Barmouth Bridge – then and now

Back in the 1980s – a generation ago – we took our family camping on the south side of the Mawddach estuary for three years running. It was a quiet and undisturbed area with bustling Barmouth less than a mile away across the footbridge next to the railway line.

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I think we must have been up near Llynau Cregennen, above Arthog when this photo was taken.

That’s my daughter on the left looking about the age her son does now. I have to say she is also looking cold. A wooded hump rises up from by the water. That is Fegla Fawr – a hill we camped on.

To the right of that a black line goes across the water and that is Barmouth Bridge. This spans the estuary. We can also see, just alongside my daughter’s head and going into the centre of the photo the Fairbourne spit which goes nearly all the way to Barmouth.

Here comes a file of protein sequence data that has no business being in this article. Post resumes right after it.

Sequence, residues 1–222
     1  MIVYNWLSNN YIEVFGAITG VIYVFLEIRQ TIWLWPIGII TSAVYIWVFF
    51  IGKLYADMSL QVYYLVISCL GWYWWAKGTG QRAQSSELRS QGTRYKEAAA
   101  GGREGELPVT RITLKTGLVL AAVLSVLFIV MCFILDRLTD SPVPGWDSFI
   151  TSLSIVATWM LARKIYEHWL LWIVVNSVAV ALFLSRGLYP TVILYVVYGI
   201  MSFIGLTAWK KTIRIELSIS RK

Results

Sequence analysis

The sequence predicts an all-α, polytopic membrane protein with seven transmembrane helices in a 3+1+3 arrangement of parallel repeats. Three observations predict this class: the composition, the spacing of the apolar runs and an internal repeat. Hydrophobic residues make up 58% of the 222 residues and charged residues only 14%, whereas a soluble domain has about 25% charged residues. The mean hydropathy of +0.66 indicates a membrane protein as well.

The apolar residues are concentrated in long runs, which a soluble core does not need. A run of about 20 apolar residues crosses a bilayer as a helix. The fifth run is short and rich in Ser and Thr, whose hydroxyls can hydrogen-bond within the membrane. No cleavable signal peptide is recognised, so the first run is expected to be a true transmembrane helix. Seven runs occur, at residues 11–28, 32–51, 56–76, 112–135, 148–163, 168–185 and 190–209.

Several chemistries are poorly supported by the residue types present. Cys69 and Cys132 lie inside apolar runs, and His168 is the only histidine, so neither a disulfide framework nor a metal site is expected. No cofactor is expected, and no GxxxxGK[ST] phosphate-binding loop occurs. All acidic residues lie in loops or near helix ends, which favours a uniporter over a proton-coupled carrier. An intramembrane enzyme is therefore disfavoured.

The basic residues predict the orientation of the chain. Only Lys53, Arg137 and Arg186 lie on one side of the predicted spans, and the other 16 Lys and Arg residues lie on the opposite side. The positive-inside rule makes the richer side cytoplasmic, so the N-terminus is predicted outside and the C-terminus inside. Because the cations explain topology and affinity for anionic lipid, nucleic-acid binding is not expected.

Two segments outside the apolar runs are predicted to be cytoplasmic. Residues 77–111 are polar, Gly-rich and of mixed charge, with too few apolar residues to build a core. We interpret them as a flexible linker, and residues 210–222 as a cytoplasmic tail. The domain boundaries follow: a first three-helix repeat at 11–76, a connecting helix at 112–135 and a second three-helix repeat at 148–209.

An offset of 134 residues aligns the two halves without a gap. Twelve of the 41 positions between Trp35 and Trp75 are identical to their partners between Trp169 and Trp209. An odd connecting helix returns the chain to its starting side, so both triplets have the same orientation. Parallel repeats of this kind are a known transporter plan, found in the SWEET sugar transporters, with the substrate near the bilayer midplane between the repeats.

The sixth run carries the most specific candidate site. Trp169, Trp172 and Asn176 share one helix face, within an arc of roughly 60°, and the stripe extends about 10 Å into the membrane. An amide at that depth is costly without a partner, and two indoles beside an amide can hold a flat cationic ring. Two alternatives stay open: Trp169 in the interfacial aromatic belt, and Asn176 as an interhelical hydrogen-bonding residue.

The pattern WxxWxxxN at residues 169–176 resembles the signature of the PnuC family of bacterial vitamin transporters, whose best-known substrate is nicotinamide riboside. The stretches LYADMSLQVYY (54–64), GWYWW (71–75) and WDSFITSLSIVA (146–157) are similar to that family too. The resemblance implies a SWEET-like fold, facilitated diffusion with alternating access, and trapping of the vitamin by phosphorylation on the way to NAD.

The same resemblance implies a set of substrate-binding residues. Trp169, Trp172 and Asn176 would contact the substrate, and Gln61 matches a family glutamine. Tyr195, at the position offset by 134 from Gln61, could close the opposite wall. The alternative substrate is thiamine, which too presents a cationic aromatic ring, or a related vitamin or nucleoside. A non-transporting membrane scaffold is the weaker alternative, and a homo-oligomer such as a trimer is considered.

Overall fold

I’ve called this a ‘then and now’ but I don’t have a now view. Instead I have the opposite view from Barmouth, across the bridge, over Fegla Fawr and up into the mountains.

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The bridge passes in front of Fegla Fawr. Llynau Cregennen is high up in the mountains beyond.

It is a beautiful part of the world and people speak the Welsh language there. I may not understand what they say but by golly it sounds so beautiful and most folks can speak English and they do to we English folk.

Pronunciation is different in Wales too. We learned some things quite quickly back in the 1980s. The nearest railway station to where we camped was and still is Morfa Mawddach. It’s a request stop. If you want to get off the train there you have to tell the guard in advance so he (it was still all men back then) can ensure the train stops. We recall the first time and we told the guard we wished to get off at More fir more datch. Eventually he understood and said, ‘Ah! You mean more var mouthe ack’. We don’t pretend to be any good at Welsh but because road signs are bilingual we have learned many words and mostly we think we pronounce them tolerably well.

 

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